(219)230-3600 support@ccsklaw.com

As we have covered in many of our recent blogs, COVID-19 has created unique challenges for property managers, who’ve been forced to reckon with sudden economic and social disruptions, along with whatever struggles they were already dealing with before the pandemic was underway. It’s been a mutually frustrating and financially devastating situation nationwide for both property managers and their tenants, and it is unlikely to be fully resolved any time soon.1

In these difficult times, the best way for landlords and other property managers to navigate the coronavirus crisis is to consider their tenants’ perspectives and work with them regarding how to approach their continued tenancy. During these unprecedented circumstances, it is important to consider what has been done and is currently being done to address the situation, and the most successful responses have shown one thing: health communication and negotiation with tenants is far more effective than coming at them with an “Us vs. Them” mentality.

The Reality of the Real Estate Situation

The most important thing to recognize going into any communications with tenants is that all parties are going to be on edge.2 The real estate market has been stagnant and is now declining,3 making it difficult to find a new place to stay unless you have the luxury of moving in with family members. On top of this, local businesses are struggling to pay rent, which means that even those who still have work right now are likely not going to be doing as well as they were even a year ago.4

Yet while tenants have certainly been impacted by the pandemic, property managers are also facing their own difficulties. In fact, some argue that, for the first time, renters actually have an advantage over their landlords.5 Due to the financial strain brought by the pandemic, apartments that rented within days are now sitting on the market for weeks or even months. The result is that renters have more time to consider their options and negotiate on prices based on market conditions.6 Also, for all of the tenants that are moving in, there are even more who are moving out, often at a much faster rate than one would typically expect. This is especially true of millennial renters, many of whom have alternative housing options.7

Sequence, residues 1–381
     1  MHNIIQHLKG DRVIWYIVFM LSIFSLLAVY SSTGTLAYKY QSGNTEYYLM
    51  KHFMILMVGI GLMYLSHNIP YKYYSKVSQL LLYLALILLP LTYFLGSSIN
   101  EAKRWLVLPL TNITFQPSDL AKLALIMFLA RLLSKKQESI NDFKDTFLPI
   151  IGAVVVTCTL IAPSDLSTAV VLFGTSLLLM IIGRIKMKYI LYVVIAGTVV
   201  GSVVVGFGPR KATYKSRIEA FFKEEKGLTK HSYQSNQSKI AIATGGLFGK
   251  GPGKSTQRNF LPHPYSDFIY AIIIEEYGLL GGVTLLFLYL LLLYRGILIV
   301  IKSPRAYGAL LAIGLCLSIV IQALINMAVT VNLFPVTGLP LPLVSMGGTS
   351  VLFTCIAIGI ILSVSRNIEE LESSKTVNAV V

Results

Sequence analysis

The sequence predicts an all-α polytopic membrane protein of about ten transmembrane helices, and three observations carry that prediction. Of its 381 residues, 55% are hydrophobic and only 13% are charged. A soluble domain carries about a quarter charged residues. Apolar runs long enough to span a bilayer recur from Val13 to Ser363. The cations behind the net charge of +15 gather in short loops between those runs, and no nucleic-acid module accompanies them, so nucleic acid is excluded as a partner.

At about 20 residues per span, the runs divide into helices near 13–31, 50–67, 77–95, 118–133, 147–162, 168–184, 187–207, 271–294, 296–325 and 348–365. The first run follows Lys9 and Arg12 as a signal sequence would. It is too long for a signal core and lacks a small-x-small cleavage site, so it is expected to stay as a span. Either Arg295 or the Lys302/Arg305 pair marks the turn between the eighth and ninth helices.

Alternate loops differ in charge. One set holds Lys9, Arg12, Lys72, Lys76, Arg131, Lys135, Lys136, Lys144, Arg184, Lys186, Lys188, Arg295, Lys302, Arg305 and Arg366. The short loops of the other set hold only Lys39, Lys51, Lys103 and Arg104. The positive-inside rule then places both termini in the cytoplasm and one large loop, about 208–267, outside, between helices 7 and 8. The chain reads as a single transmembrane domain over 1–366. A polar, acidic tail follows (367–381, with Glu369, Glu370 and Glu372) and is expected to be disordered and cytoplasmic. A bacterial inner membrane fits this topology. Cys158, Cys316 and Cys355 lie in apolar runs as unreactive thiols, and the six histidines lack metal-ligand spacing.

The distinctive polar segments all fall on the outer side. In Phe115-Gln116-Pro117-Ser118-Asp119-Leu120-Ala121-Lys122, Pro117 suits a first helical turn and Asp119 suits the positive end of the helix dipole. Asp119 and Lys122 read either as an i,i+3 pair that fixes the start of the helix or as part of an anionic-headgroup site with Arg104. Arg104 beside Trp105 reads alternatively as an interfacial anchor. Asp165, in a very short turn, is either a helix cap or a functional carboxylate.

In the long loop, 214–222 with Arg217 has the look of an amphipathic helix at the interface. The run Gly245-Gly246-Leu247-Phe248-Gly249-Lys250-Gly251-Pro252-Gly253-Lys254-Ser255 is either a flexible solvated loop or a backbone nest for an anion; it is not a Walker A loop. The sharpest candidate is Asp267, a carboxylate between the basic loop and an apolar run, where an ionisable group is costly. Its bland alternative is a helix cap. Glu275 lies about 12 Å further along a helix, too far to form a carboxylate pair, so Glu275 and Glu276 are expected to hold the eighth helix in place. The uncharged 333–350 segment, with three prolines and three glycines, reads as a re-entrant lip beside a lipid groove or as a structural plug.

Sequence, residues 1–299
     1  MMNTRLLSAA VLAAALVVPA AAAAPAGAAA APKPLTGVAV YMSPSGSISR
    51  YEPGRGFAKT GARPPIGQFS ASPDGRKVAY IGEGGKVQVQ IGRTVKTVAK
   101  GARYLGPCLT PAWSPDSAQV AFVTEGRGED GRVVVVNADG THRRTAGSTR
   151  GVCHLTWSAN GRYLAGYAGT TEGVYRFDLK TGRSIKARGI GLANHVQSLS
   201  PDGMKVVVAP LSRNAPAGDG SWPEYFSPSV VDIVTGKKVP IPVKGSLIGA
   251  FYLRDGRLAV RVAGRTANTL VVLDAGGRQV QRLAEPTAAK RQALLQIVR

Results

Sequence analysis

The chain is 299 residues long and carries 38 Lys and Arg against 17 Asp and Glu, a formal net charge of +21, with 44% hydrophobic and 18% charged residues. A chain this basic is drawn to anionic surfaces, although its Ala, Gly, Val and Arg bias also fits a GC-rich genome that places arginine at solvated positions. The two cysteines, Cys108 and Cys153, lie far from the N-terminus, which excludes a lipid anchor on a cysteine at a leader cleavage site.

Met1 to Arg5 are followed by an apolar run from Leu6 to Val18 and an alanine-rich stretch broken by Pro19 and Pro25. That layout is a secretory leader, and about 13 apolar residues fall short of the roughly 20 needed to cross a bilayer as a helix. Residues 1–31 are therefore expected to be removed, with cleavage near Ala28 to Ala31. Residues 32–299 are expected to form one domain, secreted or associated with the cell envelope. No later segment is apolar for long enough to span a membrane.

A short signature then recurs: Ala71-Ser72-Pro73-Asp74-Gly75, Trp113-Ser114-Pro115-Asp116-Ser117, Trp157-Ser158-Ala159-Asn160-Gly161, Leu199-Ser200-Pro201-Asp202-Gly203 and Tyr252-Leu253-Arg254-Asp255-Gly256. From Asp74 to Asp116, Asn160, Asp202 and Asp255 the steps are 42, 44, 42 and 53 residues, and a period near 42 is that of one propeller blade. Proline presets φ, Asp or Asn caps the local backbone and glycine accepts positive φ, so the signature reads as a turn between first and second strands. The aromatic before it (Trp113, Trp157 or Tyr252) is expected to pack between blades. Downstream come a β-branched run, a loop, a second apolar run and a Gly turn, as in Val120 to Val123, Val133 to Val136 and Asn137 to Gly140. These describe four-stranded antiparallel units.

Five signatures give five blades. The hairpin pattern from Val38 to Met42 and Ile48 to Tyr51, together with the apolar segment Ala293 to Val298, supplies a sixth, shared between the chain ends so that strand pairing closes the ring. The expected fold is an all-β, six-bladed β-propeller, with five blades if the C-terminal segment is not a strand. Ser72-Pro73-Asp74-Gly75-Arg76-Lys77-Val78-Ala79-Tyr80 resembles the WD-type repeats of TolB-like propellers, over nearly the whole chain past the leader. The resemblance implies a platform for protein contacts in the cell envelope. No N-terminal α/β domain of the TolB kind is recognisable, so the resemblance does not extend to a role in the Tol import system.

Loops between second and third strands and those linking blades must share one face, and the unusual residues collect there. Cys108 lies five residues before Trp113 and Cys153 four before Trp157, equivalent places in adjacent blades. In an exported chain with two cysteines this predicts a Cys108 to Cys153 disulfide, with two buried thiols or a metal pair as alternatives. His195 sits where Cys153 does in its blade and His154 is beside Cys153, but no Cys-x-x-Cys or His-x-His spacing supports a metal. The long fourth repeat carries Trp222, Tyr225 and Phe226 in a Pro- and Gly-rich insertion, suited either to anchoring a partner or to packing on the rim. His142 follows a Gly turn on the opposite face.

What this adds up to is that landlords are often desperate to keep the tenants they have, even if their leases are up for renewal. Landlords are offering big discounts, paying broker’s fees, or even offering months of free rent to keep their tenants from leaving. With vacancy rates on the rise and apartment sizes shrinking, the truth is that in the pandemic-era real estate market, “renters, not apartments, are in demand.”8

The Best Approach

Given the chaos and unpredictability that landlords are dealing with right now, they should mitigate the negative effects of the pandemic as soon as possible. The best way to accomplish this is to work closely with tenants, negotiating with them in order to work towards the best interests of both parties. Though some landlords might be tempted to play tough in this situation, the fact is that this will only lead to unnecessary conflict.

Besides, property managers are not alone in their COVID-19 financial struggles: despite having some advantages, tenants must figure out a way to sustain themselves during a time when millions of jobs have dried up due to the pandemic. Everyone has their struggles right now, so it is only logical that landlords opt to work with tenants instead of working against them. Understanding the tenant’s perspective, developing an approach to the situation based on the tenant’s approach, and coming to the negotiating table with pragmatism, preparedness, and open-mindedness can ensure that a reasonable and mutually beneficial agreement can be reached between these two parties.

In our next blog, we’ll discuss how to communicate and negotiate with tenants in order to deliver the best outcome for both sides!


1.  See our previous blog series COVID-19 and the Eviction Moratorium and Millennial Renters & COVID-19.

2.  Hirschfeld, A. (2020, August 3). How I lowered my rent by 20% during Covid-19-and what experts say about negotiating with your landlord. CNBC. https://www.cnbc.com/2020/08/03/i-lowered-my-rent-by-200-what-experts-say-when-negotiating-with-landlord-during-covid-19.html.

3.  Kaysen, R. (2020, September 27). How to negotiate with your landlord during covid pandemic. The Economic Times. https://economictimes.indiatimes.com/news/international/world-news/how-to-negotiate-with-your-landlord-during-covid-pandemic/articleshow/78344028.cms.

4.  Novick, S. (2020, August 5). How to negotiate rent for your small business during COVID-19. MSN. https://www.msn.com/en-us/money/personalfinance/how-to-negotiate-rent-for-your-small-business-during-covid-19/ar-BB13Nj5Q.

5.  Kaysen, R.

6.  Kaysen, R.

7.  See our earlier blog series Millennial Renters & COVID-19, starting here: https://ccsklaw.com/2020/11/millennial-renters-covid-19-part-one-understanding-millennial-renters/

8.  Kaysen, R.